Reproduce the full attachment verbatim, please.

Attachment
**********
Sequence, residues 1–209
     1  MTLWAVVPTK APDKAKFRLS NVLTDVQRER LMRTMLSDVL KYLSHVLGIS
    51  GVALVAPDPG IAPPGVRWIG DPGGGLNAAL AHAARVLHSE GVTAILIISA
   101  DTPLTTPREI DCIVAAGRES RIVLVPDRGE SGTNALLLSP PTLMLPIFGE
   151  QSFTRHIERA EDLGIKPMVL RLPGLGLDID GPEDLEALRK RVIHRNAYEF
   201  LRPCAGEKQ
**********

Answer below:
Sequence, residues 1–209
     1  MTLWAVVPTK APDKAKFRLS NVLTDVQRER LMRTMLSDVL KYLSHVLGIS
    51  GVALVAPDPG IAPPGVRWIG DPGGGLNAAL AHAARVLHSE GVTAILIISA
   101  DTPLTTPREI DCIVAAGRES RIVLVPDRGE SGTNALLLSP PTLMLPIFGE
   151  QSFTRHIERA EDLGIKPMVL RLPGLGLDID GPEDLEALRK RVIHRNAYEF
   201  LRPCAGEKQ